Leonard and Lorca
They danced to the end of love and have gone to their places by the river.
As the ballads of grief and pleasure about the death of Leonard Cohen gracefully swept through the media one fact was lost. At least to me. His relationship with the Spanish poet Lorca. He first came across Lorca in a second hand book shop in Montreal when he was 15. From then on there was no other way. Now he had discovered the gothic possibilities of the Spaniard’s ink the poet had to take up his pen. He went onto name his daughter Lorca, as he said this was not a casual relationship. He spent 150 hours translating Take this Waltz (see link) which is one of the few songs Cohen sang which he did not write.
Here is his speech accepting a Spanish Literature award in 2011.
“Now, you know of my deep association and confraternity with the poet Federico Garcia Lorca. I could say that when I was a young man, an adolescent, and I hungered for a voice, I studied the English poets and I knew their work well, and I copied their styles, but I could not find a voice.
“It was only when I read, even in translation, the works of Lorca that I understood that there was a voice. It is not that I copied his voice; I would not dare. But he gave me permission to find a voice, to locate a voice, that is to locate a self, a self that is not fixed, a self that struggles for its own existence.
“As I grew older, I understood that instructions came with this voice. What were these instructions? The instructions were never to lament casually. And if one is to express the great inevitable defeat that awaits us all, it must be done within the strict confines of dignity and beauty.”
Elsewhere Cohen wrote,
That book I picked up aged 15 was to alter my life completely. You see I was destined to be a brain surgeon or a forest ranger or even just to go into the family clothing business. But in this old bookstore I opened a book and I read the lines “I want to pass through the arches of Elvira, to see your thighs and begin weeping.”
I turned to the cover of the book, it was written by a Spanish poet by the name of Frederico Garcia Lorca, and for the first time I understood that there was another world and I wanted to be in it. So it was a great honour for me when I was asked to translate one of his great poems into English and to set it to music. The poem is Little Viennese Waltz which I called Take This Waltz.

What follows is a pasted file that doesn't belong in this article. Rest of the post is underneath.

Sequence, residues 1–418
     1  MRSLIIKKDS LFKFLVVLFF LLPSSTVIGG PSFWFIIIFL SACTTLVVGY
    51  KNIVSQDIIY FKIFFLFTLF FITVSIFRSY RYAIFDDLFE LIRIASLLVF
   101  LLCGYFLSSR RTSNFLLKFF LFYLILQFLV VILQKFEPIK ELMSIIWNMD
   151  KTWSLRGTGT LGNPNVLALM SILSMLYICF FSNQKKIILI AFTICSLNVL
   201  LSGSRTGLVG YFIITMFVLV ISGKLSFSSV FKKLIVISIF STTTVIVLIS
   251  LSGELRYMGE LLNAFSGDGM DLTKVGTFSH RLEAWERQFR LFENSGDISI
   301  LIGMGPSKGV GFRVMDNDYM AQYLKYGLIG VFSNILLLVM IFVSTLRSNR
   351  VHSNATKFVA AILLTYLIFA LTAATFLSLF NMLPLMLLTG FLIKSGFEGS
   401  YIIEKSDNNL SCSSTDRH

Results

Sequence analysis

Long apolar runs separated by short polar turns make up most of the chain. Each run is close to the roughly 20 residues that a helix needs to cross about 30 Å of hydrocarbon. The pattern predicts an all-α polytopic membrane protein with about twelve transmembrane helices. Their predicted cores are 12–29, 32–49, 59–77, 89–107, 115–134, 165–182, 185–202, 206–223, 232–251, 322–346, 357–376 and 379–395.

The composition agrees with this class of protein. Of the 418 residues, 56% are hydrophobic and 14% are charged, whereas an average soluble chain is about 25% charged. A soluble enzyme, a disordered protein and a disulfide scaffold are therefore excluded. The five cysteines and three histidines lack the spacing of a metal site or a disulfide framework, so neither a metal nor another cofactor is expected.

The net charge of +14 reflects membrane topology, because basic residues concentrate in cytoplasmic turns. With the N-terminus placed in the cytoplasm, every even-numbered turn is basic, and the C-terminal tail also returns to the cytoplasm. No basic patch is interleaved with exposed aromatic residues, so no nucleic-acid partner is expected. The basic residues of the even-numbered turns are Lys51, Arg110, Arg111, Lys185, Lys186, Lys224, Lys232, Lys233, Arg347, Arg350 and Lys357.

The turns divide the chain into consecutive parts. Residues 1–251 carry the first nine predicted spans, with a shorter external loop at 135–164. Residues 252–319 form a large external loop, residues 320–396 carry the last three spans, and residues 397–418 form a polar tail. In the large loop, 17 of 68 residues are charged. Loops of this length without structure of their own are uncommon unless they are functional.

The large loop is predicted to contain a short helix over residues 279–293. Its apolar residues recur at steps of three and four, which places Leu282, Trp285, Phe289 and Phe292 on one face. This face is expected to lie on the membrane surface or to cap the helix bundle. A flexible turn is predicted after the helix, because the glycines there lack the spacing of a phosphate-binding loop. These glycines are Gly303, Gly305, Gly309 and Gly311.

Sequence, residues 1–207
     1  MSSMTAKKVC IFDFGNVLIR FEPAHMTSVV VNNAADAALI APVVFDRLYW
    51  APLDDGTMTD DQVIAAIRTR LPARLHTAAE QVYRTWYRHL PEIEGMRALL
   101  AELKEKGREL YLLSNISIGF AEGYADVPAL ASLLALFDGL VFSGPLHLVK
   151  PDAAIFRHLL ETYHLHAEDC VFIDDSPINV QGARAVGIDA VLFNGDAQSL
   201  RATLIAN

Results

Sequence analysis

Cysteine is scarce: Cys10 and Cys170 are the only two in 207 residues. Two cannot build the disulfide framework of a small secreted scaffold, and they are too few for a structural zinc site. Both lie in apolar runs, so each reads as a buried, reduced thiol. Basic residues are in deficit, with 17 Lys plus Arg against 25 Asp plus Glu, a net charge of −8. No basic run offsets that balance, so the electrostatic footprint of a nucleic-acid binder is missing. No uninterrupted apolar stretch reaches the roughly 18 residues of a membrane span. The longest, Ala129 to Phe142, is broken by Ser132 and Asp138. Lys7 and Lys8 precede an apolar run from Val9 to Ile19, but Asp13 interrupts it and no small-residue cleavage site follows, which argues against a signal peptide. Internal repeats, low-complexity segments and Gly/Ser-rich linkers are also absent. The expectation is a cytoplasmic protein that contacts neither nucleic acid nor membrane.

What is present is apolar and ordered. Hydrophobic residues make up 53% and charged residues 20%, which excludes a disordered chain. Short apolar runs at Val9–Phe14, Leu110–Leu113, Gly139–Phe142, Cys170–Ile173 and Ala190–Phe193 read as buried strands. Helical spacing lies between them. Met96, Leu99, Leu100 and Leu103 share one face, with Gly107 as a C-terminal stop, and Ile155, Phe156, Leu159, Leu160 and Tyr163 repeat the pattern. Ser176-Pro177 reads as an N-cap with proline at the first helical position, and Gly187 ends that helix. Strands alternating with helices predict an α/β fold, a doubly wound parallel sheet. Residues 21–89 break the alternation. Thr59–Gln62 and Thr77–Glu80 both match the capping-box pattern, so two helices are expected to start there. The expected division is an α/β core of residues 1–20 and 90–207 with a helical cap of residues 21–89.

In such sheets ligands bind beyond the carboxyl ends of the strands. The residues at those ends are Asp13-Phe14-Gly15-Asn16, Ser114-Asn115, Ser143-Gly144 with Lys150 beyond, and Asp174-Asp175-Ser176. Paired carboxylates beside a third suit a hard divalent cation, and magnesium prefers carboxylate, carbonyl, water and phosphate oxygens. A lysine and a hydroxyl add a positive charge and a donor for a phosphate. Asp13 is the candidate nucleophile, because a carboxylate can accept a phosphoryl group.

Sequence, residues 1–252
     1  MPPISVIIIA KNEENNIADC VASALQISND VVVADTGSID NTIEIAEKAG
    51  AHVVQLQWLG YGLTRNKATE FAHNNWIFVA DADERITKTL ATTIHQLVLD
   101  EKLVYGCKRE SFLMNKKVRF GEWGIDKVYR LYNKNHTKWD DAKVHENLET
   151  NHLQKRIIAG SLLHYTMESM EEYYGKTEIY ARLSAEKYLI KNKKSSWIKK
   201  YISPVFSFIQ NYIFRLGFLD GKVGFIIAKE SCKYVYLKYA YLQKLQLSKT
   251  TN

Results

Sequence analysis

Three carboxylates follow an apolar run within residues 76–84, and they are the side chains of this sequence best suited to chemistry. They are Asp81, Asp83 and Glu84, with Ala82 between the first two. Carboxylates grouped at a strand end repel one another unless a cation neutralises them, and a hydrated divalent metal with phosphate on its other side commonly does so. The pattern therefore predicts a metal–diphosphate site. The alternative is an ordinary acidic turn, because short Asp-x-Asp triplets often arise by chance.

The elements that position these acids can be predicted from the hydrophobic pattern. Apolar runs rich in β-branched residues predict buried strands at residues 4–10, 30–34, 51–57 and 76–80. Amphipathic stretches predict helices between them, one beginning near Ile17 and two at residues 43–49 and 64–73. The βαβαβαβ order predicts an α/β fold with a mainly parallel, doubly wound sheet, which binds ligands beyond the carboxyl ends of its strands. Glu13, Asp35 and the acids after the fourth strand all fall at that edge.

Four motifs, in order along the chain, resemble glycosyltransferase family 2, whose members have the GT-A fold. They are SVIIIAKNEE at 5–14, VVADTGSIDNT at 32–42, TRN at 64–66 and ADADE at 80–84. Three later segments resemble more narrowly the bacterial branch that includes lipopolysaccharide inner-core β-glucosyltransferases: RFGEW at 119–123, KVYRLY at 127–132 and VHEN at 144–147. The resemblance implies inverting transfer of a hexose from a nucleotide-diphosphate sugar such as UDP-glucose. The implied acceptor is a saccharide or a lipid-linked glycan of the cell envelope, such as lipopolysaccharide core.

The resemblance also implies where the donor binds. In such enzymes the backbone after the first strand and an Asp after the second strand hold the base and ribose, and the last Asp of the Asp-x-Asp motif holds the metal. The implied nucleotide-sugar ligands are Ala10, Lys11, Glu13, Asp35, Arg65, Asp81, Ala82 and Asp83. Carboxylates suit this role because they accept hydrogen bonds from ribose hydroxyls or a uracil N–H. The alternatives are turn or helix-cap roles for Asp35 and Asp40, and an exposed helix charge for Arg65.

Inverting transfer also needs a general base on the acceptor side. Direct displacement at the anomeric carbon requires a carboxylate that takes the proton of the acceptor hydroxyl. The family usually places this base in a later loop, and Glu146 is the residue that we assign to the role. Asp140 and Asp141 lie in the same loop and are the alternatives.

Throughout his moonstruck career ,Cohen the grocer of despair , the bard of the bedsit sung with and above, Lorca, the poet of desire and troubled imagination, of melancholy and longing.
But who was Lorca(1898-1936). He came from a wealthy Andalucían family and his region was always a great inspiration, though he resented being called a”gypsy poet”. His plays and poems made him a national treasure by 1930,(part Larkin part Stoppard). He was very much of the creative wave which broke across Europe after the Great War. The influence of Bunuel and Dali, symbolism, surrealism and futurism were all present in his work. Part of his depressive tone came from his failed homosexual love affairs, not least with Dali.
During the Civil War he was claimed by both sides but a right wing gang assassinated him in 1936. His body was never found and the mystery of his violent death adds to his legend. Some say the murder was because he was queer, some because of his left wing tendencies, some as a grudge against another right wing gang which was giving Lorca a safe house.
Read him. Lorca’s poem Farewell speaks for both of them. The one who died in his bed and the one who died in an unmarked ditch. But as poets they sung for us all.
Fare Well If I die, leave the balcony open. The little boy is eating oranges. (From my balcony I can see him.) The reaper is harvesting the wheat. (From my balcony I can hear him.) If I die, leave the balcony open!